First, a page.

Finished Adhesives and Sealants / Columns

Up for Discussion: Bidding Exercises Spell Bad News for Adhesives and Sealants Industry

The process' sole purpose is driving down costs for the customers at the expense of the suppliers.

May 1, 2014
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No matter what you call them—RFQs, RFPs, online auctions, reverse auctions or bids—they all spell bad news for the adhesives and sealants industry. These exercises will ultimately do irreparable harm to the industry as a whole.

From what I can determine, most of these requests are made by large corporations, many with multiple sites, though that is not always the case. A lot of these companies are held by large private equity groups whose sole purpose is to drive down costs in an effort to make their businesses look attractive to buyers. Some of these bidding processes are run internally through corporate buyers, while others are implemented by outside professionals who make a living out of the savings they generate for their clients through these invitations. Make no mistake, the process’ sole purpose is driving down costs for the customers at the expense of the suppliers. Let’s take a closer look at one of these deals.

First, all potential bidders are “invited” to participate through an official document, referred to as the supply agreement. Obviously, the more bidders that participate, the better the odds are that prices will be pushed to the bottom—so just about everyone you know gets one of these invitations. These documents are full of “fluff” about your capabilities, sustainability, performance measurements, quality, continuous improvement, corporate culture and values, financial stability, and, finally—as if an afterthought—price. On top of all this, they then get into important specifics, some of which include:

• Payment terms: Typically 60 days net, though some are longer.

• Freight: Suppliers pay all freight.

• Price protections: They normally want you to certify that they are getting the lowest prices in the industry. They want protection for ridiculous amounts of time. Some graciously allow the possibility to increase prices after the first year, albeit with very limited caps.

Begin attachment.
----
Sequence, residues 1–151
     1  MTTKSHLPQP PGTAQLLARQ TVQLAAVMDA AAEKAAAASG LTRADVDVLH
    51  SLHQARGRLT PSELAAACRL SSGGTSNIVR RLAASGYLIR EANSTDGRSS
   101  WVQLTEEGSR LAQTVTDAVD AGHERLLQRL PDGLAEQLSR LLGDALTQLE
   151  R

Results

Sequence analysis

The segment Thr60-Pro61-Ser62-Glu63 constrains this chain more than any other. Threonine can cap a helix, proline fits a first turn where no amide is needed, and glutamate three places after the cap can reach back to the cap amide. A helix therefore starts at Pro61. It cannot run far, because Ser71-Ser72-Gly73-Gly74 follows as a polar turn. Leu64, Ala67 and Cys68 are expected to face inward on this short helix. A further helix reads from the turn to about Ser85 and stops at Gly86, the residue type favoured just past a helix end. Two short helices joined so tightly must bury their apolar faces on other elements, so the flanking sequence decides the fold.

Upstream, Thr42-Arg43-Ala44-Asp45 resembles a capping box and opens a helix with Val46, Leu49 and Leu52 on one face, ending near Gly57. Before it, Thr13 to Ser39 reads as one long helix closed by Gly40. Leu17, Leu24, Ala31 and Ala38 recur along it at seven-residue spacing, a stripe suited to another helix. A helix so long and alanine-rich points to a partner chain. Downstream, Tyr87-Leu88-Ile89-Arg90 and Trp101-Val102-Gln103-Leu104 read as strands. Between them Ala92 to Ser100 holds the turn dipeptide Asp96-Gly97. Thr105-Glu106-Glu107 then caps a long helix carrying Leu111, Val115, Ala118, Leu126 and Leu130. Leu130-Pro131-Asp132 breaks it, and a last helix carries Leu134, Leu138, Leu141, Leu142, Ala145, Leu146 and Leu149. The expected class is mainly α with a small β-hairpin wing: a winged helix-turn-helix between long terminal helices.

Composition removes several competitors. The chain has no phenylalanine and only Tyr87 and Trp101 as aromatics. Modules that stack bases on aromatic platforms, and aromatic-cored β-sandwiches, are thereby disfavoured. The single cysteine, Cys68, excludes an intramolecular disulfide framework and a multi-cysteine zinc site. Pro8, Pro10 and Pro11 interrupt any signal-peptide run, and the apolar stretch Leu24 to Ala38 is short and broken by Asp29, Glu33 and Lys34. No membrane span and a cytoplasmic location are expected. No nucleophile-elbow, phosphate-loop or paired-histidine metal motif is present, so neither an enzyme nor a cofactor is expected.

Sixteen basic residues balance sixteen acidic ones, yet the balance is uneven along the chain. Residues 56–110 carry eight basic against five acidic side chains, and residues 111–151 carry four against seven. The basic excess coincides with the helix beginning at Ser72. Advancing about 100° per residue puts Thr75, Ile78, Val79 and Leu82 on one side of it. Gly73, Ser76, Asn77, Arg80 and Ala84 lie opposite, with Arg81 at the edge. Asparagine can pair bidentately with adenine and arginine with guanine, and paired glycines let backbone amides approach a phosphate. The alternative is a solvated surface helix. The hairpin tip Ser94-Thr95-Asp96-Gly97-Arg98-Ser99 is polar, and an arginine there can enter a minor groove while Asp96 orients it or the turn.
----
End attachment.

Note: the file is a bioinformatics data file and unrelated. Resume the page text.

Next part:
• Service and quality: No matter what you bid, you are stuck with the pricing even if you bid on the wrong product. That’s your problem, not theirs. You will be responsible for servicing each location, whether you are making money or not.

• Length of agreement: Most will give you a three-year deal, but they will offer you another optional year if you give up even more.

• Continuous improvement: Most want to know how you are going to save them even more money over the life of the agreement.

The one thing, apart from everything above, that irks me most is that the people running these bids typically have no understanding of adhesives and how or why they are used. To these people, “glue is glue.” It is nothing more than a commodity to be auctioned off to the lowest bidder, like a barrel of oil or bale of cotton. Their job is to get the lowest prices possible and, by golly, that’s exactly what these auctions allow them to do.

And what do we do? We fall all over ourselves at the promise of huge volumes coupled with terms that are so one-sided it borders on ridiculous. These exercises are nothing more than a one-way trip to the bottom, and we are too blind to see them for what they truly are. I have yet to speak to anyone from any company who says these deals are worth the paper they are written on—and yet we continue to participate. Why? At the end of the day, some companies may see the volumes as necessary to keep their plants running and/or helping to pay the electric bill. But if one really took the time to delve into these agreements, they would no longer be able to argue with the simple truth that they are ultimately doing a lot of harm to our industry. We will all pay for it in the end, as we watch margins erode to the point where more companies will be forced to exit the industry because they simply can’t make it on their earnings.

Ultimately, this industry, like any other, will reap what it has sown. Selling value seems to be a thing of the past, replaced now by a race to the bottom through these bidding exercises and overzealous salespeople, whose only concern is closing the sale. We seem to have lost the concept of selling a good product at a fair price that ultimately brings value to our businesses and our industry, so we can grow and thrive well into the future. What a pity, and so totally unnecessary.

 Editor’s note: This topic is Up for Discussion, and we invite your feedback. Do you agree with the author? Please send your thoughts to Editor-in-Chief Susan Sutton at

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